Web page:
Packaging Life – Cultures of the Everyday

 

Packaging Life

Cultures of the Everyday

Pramod k.Nayar

Sage Publications

Price: Rs. 565

 

When I saw the title of    Pramod.k. Nayar’s book, I was immediately reminded of the famous quote of the American poet T.S. Eliot:  “My life is measured out in coffee spoons.”  As I began reading  the book  it struck me   futility  is not the running thread, unlike  what the poet expresses  in his poem,The Love song of Alfred j. Prufrock.  The central theme is depicted  through  a picture on its cover—   an open   cardboard carton filled with  packing material  and its content , LIFE  boldly written in the centre. In the inside page we find   a  cute  receptacle (perhaps containing life in all its complexities)   neatly fastened with a bow.   The author says in the Preface,” Packaging Life: Cultures  of the Everyday is a study of the cultural politics  of health, comfort ,risk and mobilities.”  His    rationale for examining the cultures and discourses of health, comfort, risk and mobilities is simply that they seem   to him   the most dominant ones in print, visual and other media, and which constitute the most prominent frames within which consumer cultures of the everyday work today. In the  Introduction that follows the argument  put forth   is Life itself via a scrutiny of  these  four components, gets “packaged ’’ through forms of representation in the media, in the rhetoric of “experts” and in the hard-sell narrative of the manufacturing house.  

The gamut and   scope of   this   cultural   study and analysis is confined to metropolitan settings of shopping malls, corporate hospitals, glossy and expensive magazines and predominantly English language promotional materials. Interestingly the four  chapter   headings  are both amusing  and very contemporary  as well as thought provoking.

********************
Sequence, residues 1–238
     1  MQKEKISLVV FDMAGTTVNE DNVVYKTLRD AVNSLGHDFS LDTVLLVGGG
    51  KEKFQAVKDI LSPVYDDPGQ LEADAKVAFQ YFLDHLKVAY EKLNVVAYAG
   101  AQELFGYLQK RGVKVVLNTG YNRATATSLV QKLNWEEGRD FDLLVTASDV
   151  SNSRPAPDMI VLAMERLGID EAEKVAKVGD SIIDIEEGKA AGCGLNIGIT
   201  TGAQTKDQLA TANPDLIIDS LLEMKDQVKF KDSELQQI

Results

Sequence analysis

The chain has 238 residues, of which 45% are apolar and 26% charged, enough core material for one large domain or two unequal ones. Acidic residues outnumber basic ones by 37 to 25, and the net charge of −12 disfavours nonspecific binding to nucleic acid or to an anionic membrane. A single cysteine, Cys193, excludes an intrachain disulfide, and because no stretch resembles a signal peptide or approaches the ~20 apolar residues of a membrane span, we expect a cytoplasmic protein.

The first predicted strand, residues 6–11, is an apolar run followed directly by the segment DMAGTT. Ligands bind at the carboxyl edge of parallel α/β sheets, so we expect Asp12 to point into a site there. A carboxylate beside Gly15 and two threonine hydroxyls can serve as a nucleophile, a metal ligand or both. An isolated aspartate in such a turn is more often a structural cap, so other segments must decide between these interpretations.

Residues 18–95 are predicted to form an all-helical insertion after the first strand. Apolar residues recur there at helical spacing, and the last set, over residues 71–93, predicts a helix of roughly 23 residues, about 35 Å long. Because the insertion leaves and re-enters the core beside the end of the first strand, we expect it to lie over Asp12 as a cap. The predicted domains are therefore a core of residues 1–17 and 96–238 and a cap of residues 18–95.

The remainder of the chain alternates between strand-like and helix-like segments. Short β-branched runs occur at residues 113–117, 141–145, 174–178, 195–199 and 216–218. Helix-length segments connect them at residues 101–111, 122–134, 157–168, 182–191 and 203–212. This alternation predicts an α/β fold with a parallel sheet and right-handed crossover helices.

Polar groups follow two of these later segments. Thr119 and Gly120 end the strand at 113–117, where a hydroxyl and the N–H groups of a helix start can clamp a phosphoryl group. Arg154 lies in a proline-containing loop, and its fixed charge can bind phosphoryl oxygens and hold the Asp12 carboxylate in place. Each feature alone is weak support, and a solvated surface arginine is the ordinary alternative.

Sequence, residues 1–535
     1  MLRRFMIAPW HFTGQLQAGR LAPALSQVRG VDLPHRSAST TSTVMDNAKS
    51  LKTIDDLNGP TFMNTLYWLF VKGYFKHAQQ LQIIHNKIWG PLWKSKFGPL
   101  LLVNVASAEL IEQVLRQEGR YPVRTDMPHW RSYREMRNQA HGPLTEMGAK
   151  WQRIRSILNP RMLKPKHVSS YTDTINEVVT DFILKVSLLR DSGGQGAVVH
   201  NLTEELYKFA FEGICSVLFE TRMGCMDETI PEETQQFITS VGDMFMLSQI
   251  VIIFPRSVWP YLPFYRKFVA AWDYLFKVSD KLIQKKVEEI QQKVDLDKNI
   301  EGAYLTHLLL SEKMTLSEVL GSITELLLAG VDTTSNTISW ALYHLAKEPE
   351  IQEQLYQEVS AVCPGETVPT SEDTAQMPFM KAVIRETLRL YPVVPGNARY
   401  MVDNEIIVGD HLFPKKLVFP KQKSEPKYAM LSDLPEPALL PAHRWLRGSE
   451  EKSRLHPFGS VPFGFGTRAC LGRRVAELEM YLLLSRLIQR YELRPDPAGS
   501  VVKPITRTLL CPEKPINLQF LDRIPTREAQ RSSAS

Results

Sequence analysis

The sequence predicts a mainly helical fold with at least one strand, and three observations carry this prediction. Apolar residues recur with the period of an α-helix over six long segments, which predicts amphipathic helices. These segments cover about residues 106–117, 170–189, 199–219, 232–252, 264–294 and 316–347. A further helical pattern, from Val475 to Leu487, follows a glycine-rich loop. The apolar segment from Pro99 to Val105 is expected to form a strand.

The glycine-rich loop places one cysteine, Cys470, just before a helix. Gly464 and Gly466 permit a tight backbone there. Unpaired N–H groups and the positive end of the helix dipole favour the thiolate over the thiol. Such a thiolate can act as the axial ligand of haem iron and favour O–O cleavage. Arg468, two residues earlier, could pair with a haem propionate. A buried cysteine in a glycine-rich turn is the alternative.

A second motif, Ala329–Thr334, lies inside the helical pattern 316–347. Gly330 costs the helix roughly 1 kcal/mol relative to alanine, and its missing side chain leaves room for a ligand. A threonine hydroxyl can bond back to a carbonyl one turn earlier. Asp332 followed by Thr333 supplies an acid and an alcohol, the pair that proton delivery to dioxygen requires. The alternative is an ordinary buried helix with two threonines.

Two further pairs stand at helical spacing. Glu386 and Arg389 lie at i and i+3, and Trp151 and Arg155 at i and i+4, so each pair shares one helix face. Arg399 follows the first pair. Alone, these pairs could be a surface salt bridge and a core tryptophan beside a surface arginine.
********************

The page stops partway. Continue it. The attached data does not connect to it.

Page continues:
The first chapter: Life, the Low-calorie Edition: Cultures of Health deals with The Medicalization of the Everyday, The Culture of Care and Cure and Managing Health, Promoting Wellness. There is information explosion about the importance one should attach to one’s health which is handed down through various sources in a neat package with an objective to create health awareness/ consciousness. So what do we do on our part?

 

Monitor our blood pressure,

 

Watch our calories

 

Record temperatures

 

Check for lumps, nodules, numbness,

 

Measure sugar levels and examine our teeth.

 

The process of monitoring too has been made simple through the various devices available like the insulin pens, blood pressure apparatus, thermometers, corn caps, glucometres and weighing scales.

 

The culture of care and cure has very specific essentials:

 

It involves a notion of the body as something that can be perfected and reconstructed.

 

It involves very definite notion of the care of the self.

 

The hype that is created by the media, new media and the advertisements that “promise” instant results in the reconstruction of health, attaining perfect body   are discussed threadbare with examples under this section. However it  doesn’t  condemn  social marketing  or the marketing of products and services that seek   to serve as social advocates saying it  is  not  entirely commercial  in its intentions even though large pharma  companies might have stakes in the sales of products and services.

 

The second chapter-Life, the Deluxe Edition, talks of   how comfort is an essential condition   of life and the various ways it is marketed to lure consumers into purchasing it.  The author rightly  observes that  consumer culture today rarely packages necessities,  even though, as reports tell us across the world that  there are people living on the threshold of life without the bare necessities (I think the statement  is applicable more so to India). It explores the packaging of comfort and luxury and the distinction between the two. Comfort is the cultural logic of mass manufacture, marketing and consumption, while luxury is the cultural logic of niche manufacture, marketing and consumption, says the author. Packaging the two is the deliberate creation of   fantasies of transformation and in the case of luxury   there is a magical air lent to the fantasies of transformation and Style is promoted as a key factor which determines consumer culture today.